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Whether you're a Walmart employee in Florida wondering what to do with the alligator at your door, a New Yorker with a hawk nesting on your high-rise or an Ohio golfer scattering a flock of Canada geese, you now live, work and play in closer proximity to untamed fauna than any other generation of Americans in more than a century. Even as the human population climbs toward 320 million in the U.S., plenty of other creatures are flourishing too.
This was no sure thing. A child born around 1930 stood a pretty good chance of outliving the last white-tailed deer in the U.S. Abundant when the first European settlers arrived, the brown-eyed beauties had been hunted nearly to extinction. A sense of loss, even doom, hung over the U.S. publication of Felix Salten's novel Bambi, translated from German in 1928 by a left-wing intellectual named Whittaker Chambers. But Walt Disney, among others, imagined a different ending. As Chambers morphed into a conservative and the child of 1930 approached her teen years, Disney's studio made Bambi into the animated masterpiece credited with helping turn a nation in love with Buffalo Bill into the conservation-minded America of today.
The psychic shift symbolized by Bambi reshaped the population of American fauna so dramatically that one Saturday morning early this year, a child born around 1930--Dorothy Pantely, 83, of the Pittsburgh suburbs--witnessed not the extinction of the deer but rather the sudden arrival of two whitetails in the hallway outside her bedroom. Thinking quickly, Pantely activated her emergency medical alert. When police showed up, they found the picture window smashed, the carpet damaged, the adult deer escaped--and a frightened yearling left behind. "It was just the worst thing ever," Pantely said afterward.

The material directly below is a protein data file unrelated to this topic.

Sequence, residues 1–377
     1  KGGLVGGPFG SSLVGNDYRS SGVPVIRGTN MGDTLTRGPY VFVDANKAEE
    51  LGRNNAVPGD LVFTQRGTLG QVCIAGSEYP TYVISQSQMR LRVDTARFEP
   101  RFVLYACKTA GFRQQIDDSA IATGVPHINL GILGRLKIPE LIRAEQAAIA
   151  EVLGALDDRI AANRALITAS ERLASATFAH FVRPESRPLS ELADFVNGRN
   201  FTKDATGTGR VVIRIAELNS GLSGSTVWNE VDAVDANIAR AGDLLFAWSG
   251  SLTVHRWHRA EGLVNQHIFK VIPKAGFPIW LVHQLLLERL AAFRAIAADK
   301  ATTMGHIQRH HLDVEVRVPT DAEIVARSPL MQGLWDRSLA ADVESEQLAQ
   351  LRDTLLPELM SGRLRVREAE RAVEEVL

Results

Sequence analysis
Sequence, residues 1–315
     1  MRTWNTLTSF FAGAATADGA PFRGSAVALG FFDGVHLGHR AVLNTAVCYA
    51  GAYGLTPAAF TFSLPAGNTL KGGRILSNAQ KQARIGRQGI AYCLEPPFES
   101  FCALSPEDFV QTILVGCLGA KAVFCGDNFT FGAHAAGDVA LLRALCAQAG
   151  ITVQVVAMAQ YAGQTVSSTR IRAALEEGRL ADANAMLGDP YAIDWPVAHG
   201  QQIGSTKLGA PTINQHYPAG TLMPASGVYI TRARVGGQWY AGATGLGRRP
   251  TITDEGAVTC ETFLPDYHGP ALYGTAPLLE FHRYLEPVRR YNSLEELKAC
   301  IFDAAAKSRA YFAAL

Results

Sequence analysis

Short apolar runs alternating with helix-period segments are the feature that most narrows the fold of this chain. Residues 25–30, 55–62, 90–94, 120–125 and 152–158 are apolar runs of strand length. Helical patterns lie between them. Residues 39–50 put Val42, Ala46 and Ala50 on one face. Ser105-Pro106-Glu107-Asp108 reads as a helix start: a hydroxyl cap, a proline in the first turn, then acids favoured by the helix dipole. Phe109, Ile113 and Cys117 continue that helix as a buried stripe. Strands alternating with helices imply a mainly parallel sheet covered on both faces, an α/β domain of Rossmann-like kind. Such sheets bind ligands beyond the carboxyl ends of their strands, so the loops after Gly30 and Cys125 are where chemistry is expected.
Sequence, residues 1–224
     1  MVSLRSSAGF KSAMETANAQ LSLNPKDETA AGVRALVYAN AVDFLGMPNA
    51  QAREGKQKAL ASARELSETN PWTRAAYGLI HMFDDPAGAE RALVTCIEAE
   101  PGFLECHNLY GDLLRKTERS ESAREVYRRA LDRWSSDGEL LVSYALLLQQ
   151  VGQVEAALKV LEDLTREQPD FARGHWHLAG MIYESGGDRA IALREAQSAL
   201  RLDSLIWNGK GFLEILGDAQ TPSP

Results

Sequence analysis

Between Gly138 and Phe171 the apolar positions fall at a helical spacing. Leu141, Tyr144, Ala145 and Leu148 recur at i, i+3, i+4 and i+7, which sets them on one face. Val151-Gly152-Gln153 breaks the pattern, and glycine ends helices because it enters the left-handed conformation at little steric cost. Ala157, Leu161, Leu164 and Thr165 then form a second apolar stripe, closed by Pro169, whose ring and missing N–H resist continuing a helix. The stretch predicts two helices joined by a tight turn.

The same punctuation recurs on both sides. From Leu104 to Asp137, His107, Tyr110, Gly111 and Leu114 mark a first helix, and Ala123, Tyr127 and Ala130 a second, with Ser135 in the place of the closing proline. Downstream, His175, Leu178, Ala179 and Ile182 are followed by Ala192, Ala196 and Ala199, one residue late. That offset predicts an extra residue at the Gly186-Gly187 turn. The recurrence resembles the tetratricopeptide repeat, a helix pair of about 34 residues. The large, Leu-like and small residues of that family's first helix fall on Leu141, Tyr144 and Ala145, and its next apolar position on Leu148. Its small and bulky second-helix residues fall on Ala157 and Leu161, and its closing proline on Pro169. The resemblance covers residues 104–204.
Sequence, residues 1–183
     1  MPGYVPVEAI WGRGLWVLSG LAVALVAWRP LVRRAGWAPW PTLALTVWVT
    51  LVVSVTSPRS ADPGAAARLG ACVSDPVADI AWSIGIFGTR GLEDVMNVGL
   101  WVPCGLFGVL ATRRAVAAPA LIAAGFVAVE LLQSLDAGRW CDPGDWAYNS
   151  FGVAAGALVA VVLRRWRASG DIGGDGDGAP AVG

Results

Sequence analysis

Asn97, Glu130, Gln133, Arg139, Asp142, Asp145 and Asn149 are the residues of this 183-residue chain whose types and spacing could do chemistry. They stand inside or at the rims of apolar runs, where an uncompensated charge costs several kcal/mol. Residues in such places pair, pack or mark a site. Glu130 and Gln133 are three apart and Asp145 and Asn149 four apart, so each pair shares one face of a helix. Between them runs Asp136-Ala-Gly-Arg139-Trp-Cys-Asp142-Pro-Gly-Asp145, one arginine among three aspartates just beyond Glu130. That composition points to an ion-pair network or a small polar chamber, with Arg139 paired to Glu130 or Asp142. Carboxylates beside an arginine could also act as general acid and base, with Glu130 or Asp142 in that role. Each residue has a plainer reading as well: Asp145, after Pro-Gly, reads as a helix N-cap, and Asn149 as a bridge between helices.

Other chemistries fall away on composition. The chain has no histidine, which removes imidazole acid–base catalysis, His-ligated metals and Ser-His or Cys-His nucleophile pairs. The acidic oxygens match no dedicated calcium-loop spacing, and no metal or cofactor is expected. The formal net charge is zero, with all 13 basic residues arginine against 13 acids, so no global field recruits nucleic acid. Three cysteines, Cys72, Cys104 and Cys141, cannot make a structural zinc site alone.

Too many deer, wild pigs, raccoons and beavers can be almost as bad for the animals as too few. This is why communities across the country find themselves forced to grapple with a conundrum. The same environmental sensitivity that brought Bambi back from the brink now makes it painfully controversial to do what experts say must be done: a bunch of these critters need to be killed.
FROM PESTS TO PROTECTED
Nowhere has this stirred more emotion than in New Jersey, America's most densely populated--by humans, that is--state. Weeks before the start of the annual bear hunt, protesters were preparing for another year of heartbreak. From a low of about 50 bears around 1970, the number of black bears in New Jersey jumped seventyfold, to an estimated 3,500, by 2009. Complaints about bruins raiding trash cans, mauling pets--even breaking into houses--led state officials to institute the bear hunt in 2010. Since then, hunters have harvested (that's the preferred term in wildlife-management circles) nearly 1,350 black bears, bringing the species' population in New Jersey down by about 20%.